Shawn Mendes, Lady Gaga & More Stars Who've Open Up About the Bullying They Faced as Kids
Celebs share their painful experiences — and what they learned from them
The pop star, who underwent gender-confirmation surgery when she was 16, talked to Glamour U.K. about how bullies affected her young years. "Just being transgender and going to school is tough. [I learned] people will not like you or people will like you, that's just a reality of life," she said. "You cannot please everybody, and a lot of people bully people because they're jealous or because they have their own personal issue that they project on you. Sometimes it doesn't even have to do with you, sometimes people are just bored."
Petras later told PEOPLE that she relied on music to be a respite during her most troubling times. "[Pop music] means everything to me. When I was a kid, I used to not really have friends in school. I hated going to school — I got bullied pretty bad," she said. "I used to run home from school and watch Gwen Stefani music videos, and I felt like I could escape my problems with that."
During his adolescence, the Frozen 2 star found a unique way to handle his haters. "I realized early on [that] I was the absolute poster boy for bullying because I struggled with being overweight from a very early age, but I also discovered that comedy was a weapon that I was able to employ," he said on Off Camera with Sam Jones. "I remember one time a kid calling me fat in front of, like, a group of people. And, instead of kowtowing and giving him the opportunity to sort of, you know, leave, I started recited that monologue from My Cousin Vinny, where he walks in the bar and he sees the guy in the arm sling. And I just literally started reciting to the point that the guy's like, 'What the f--- is happening right now?' And everybody is laughing at him."
Now a dad of two, Gad is passing on all the lessons he's learned about what motivated detractors and how they should be dealt with. "There have been instances where I've watched my own kid get bullied, and it's painful, it's really painful," he said. "It's an honest conversation that you have to have, especially if you're a father or a mother, where you sit down and you let them know that it's on the other person. Which isn't just words — it really is the truth. If someone feels the need to come up to you and call you weird, or call you whatever name, it's because they don't like themselves."
In a June 2019 Instagram post, the singer opened up about teasing he experienced after posting one of his earlier videos to YouTube. At the time, he was in 9th grade and a group of older bullies at school had gotten word, teasing him about it the next day.
"[They were] yelling out 'sing for me Shawn sing for me!' in a way that made me feel absolutely horrible… made me feel like a joke, like what I was doing was just stupid and wrong," Mendes recalled.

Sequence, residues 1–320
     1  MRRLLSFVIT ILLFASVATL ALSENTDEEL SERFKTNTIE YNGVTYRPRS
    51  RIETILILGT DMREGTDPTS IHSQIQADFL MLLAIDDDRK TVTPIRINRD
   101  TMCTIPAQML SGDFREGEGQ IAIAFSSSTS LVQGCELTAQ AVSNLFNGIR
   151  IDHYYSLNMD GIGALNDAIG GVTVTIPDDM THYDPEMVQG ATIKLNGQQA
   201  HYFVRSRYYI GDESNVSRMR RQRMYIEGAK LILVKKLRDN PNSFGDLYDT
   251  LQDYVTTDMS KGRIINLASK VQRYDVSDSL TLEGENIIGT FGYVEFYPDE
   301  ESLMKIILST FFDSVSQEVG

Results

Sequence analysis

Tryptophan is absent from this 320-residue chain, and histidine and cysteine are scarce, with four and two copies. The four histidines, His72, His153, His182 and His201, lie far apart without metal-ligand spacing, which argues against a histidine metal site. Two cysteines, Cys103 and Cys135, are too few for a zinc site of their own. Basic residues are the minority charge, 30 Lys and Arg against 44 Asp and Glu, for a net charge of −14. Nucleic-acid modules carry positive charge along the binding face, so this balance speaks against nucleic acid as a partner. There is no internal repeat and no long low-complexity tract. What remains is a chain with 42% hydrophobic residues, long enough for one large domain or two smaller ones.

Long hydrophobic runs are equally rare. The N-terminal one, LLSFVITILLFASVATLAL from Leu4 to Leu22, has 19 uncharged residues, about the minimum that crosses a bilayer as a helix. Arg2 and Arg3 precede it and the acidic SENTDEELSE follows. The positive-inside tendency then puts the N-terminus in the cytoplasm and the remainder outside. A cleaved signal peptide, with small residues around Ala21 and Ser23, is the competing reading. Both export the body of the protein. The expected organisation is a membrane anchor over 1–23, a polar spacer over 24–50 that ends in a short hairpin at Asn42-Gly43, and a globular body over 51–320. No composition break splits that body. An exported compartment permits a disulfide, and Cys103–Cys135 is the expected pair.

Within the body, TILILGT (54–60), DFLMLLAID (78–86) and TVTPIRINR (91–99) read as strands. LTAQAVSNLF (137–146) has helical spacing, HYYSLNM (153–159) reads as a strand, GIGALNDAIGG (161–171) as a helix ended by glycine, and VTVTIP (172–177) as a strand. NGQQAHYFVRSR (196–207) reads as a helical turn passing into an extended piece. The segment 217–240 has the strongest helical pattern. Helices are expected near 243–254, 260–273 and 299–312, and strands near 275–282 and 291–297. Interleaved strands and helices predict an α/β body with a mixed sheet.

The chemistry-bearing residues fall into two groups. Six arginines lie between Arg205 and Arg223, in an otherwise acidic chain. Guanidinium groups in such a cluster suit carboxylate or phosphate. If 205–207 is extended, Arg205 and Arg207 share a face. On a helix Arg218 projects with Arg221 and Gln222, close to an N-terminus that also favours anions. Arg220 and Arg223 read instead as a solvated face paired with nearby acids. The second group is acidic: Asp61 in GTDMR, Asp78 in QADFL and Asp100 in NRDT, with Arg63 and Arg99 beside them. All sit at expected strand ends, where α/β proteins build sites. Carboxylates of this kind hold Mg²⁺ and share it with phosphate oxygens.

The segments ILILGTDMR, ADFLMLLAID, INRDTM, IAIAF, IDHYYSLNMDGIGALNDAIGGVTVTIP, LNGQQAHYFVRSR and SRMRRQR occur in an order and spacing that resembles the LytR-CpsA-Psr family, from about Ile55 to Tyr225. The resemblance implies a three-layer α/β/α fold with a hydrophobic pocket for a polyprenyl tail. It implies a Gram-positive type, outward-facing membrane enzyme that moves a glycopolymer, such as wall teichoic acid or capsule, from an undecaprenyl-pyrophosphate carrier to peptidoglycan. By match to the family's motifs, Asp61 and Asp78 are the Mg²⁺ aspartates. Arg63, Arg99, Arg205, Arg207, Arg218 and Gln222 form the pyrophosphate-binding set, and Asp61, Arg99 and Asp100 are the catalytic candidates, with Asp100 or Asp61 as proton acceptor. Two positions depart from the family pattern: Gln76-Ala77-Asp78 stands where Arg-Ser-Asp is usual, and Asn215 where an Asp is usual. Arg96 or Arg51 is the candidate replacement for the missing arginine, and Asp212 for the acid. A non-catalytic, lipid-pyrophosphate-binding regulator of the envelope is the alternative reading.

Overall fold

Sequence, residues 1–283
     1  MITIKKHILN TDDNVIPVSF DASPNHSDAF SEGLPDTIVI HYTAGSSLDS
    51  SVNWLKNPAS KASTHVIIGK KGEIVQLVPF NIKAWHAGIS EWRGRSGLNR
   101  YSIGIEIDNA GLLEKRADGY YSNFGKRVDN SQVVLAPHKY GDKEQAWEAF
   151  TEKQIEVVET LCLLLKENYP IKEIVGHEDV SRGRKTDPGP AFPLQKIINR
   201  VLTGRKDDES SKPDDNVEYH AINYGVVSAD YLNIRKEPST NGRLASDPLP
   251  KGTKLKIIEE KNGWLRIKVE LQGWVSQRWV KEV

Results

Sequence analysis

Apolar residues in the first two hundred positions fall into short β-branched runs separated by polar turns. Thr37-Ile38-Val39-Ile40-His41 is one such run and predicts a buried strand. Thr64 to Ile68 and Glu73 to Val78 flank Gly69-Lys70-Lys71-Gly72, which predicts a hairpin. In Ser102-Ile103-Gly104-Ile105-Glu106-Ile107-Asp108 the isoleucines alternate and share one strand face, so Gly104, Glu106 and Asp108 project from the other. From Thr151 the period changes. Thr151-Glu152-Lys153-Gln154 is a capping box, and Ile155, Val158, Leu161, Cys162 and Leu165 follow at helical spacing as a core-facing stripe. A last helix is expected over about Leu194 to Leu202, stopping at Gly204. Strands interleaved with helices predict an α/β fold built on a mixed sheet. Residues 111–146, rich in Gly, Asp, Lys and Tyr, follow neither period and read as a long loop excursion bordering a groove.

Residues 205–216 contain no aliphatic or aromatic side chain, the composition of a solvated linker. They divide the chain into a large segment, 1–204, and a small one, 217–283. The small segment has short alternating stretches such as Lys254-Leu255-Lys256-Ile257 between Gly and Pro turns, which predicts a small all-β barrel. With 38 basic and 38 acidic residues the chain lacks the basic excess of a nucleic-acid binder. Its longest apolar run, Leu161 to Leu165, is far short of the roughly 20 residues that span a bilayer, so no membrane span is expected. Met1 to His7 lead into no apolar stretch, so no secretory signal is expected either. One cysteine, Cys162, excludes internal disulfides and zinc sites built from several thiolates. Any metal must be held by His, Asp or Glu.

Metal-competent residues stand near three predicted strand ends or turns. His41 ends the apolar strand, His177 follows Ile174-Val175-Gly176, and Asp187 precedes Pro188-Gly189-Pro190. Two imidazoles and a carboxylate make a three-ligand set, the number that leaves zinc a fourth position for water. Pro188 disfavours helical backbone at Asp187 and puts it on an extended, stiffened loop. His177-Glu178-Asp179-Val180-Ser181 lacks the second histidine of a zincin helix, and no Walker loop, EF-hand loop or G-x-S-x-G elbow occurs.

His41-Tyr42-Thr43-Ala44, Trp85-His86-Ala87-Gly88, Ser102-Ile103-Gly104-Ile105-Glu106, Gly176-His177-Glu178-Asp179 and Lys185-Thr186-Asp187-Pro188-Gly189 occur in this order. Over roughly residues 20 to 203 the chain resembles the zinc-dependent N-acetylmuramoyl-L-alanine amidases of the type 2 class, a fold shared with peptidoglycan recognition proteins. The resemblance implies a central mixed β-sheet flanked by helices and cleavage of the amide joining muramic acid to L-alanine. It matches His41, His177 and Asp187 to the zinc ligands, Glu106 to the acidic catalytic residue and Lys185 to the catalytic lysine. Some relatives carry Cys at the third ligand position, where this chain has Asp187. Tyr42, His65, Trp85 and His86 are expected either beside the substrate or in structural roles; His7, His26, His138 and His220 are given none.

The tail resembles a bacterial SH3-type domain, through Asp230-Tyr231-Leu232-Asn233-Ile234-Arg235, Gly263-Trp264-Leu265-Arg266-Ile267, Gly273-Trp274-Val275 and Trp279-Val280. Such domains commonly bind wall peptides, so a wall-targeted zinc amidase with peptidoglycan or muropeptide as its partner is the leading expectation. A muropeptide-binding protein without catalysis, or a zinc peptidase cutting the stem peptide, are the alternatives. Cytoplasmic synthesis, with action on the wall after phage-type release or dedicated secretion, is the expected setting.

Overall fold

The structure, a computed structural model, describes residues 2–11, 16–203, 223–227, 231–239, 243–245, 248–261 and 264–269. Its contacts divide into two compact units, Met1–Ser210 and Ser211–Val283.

"It's not joke to me," he said. "To make someone feel bad about doing what they love… every single person deserves to do what makes them feel alive."
"I'm writing this not only to the 15-year-old kid who's scared to follow their heart because of what people might say, but also to the 50 year old who may be doing the exact same thing," Mendes explained.
Horan didn't go into detail of his own experiences, but commented on Mendes' June 2019 post alluding to bullying in his past, too.
"Couldn't relate or agree with something more If I tried…" Horan wrote. "We had the last laugh."
Priyanka Chopra Jonas
In an interview with Glamour, the actress revealed she was bullied in high school — a traumatic experience that prompted her move back to India from the U.S.
"There was this girl who was a major bully. I think she didn't like me because her boyfriend liked me, or some high school dynamic," Chopra shared. "She made my life hell. She used to call me names and would push me against the locker."
"Maybe I, being on the platform that I am, can say this louder than the kid who has to get on the subway and go to school: You don't need to be afraid of who you are," she said. "I don't want any kid to feel the way I felt in school. I was afraid of my bully. It made me feel like I'm less — in my skin, in my identity, in my culture."
In May 2019, she opened up again about her experiences in American high schools, telling the AP, "I was treated differently because I'm brown. I had, you know, really racist behavior when I was in high school in 10th grade. I was called 'Brownie,' 'Curry,' [told to] 'go back on the elephant you came on,' and that really affected me when I was a kid and affected my self-esteem."
Gaga told PEOPLE that her memories of being bullied helped her connect with her insecure A Star is Born character, Ally.
"Well, what's different between Ally and [myself] is that when I decided I was going to go for it as a singer and songwriter, I just hit the ground running," she said. "I really believed in myself. Ally is not this way. My character in this film, she doesn't believe in herself at all. She's very jaded by the music industry and she's given up on herself."
"What I had to do was go back further into my childhood, into my high school years, when I was bullied and made fun of for having big dreams," she continued. "That's where I went."
The Pretty Little Liars alum opened up about her younger years as a student as part of an anti-bullying PSA for Disney/ABC's #ChooseKindness campaign with her Perfectionists costar Sasha Pieterse for National Bullying Prevention Month.
"I have had experiences being bullied. For me, it was definitely high school. I was not the popular girl at all," Parrish said in a PEOPLE exclusive video. "Being a very theatrical girl who always wanted to do musical theatre after school instead of hang out with the cool kids and go to the mall. And that made me different so I definitely got made fun of a lot, called names."
"Being called names, having people make you feel like you are less than in any way is so demeaning and it just makes you feel so self-conscious all the time," the To All The Boys I've Loved Before star recalled.
"But ultimately, end of the day, I think what made me different is what makes me special. I embraced it and I'm really glad that I did," she said.